"Pif de Pilate !" the Marseillais muttered, looking after her, "z'est oune zentille petite fillette za. Never mind. I shall dance at the Barriere du Trone to-night. Marchand d'habi-i-i-i-ts." And with his lugubrious and long-drawn-out chant, his bag and his bright eyes, the old-clothesman went on his way. They were magnificent eyes, only he had spoiled them by a habit of squinting, contracted through the

endeavor to glance at the first floor windows on both sides of the street at once, to see whether the occupants had any old clothes to sell.

Twelve francs fifty for her locket ! The villains. The wicked, wicked, hard-hearted people, she thought. Had she had time she could have sat down on a door-step, covered her face with her shawl, and cried her eyes out. But it was with her as with the Wandering Jew, " On-ward ! Onward !"

She remembered that she was not yet quite destitute. Her breakfast paid for, she was still the possessor of between eighteen and nineteen francs. That would carry her some distance to-ward her destination—support her for some days, she thought. And then she would beg. She beg ! Perhaps there were cottages on the road where the people were kind and would give her bread and milk, and allow her to sleep on the straw in their barns. She would have nothing more to do with this cruel and pitiless Paris. She would begin her journey at once. How it was to be prosecuted she had not the slightest idea. She knew she had to reach the coast and to cross the sea : that was all.

The Marseillais marchand d'habits had told her, the rascal! that he never bought jewelry on fete-days. Once or twice before in the course of that weary morning's travel she had heard about the festivals. At the pawnbroker's they had bidden her to be quick, for they were about to close. The poor, it seems, must pawn even on the morning of a holiday, so the commissaire-priseur opened his doors for an hour or two before the business of pleasure began.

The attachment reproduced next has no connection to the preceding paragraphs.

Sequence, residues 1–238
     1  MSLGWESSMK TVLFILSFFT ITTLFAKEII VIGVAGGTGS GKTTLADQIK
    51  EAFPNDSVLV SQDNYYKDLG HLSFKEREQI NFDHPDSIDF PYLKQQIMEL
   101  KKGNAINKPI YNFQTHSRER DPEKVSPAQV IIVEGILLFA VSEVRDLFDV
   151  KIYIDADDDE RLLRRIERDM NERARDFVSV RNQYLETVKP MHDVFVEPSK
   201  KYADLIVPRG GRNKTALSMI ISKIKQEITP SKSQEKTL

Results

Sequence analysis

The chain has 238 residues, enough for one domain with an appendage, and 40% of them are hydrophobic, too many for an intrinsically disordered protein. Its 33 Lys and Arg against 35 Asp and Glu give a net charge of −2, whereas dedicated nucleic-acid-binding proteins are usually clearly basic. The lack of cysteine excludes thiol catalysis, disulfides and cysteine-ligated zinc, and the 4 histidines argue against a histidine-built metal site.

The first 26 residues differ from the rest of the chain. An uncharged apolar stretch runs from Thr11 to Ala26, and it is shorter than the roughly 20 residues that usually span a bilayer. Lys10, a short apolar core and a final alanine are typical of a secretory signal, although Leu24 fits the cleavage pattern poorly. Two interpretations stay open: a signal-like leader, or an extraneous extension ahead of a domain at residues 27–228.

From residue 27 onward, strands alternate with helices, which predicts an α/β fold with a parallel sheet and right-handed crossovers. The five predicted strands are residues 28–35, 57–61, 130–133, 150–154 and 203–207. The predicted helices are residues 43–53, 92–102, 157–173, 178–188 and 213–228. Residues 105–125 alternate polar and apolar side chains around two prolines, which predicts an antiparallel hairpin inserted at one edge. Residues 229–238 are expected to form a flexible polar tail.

Lily saw that there were a great many more people about this morning than on ordinary days; that many of the shops, and nearly all those of a superior class, were closed ; that the humbler sort of-people mostly wore clean blouses, and the grisettes clean caps ; that the students of the School of St. Cyr were abroad in their holiday clothes; that the soldiers of the garrison looked unusually spruce and burnished up ; and that the very sergents de Addle had waxed their mustaches and given their sword-hilts an extra polish. There were a good many flowers about ; from many of the windows hung banners and streamers ; and in front of every public building rose great black triangular stages, like monstrous but truncated ladders, supporting on their many rungs pipkins full of oil and tallow, in which were huge cotton wicks. These were the lampions for the illuminations at night.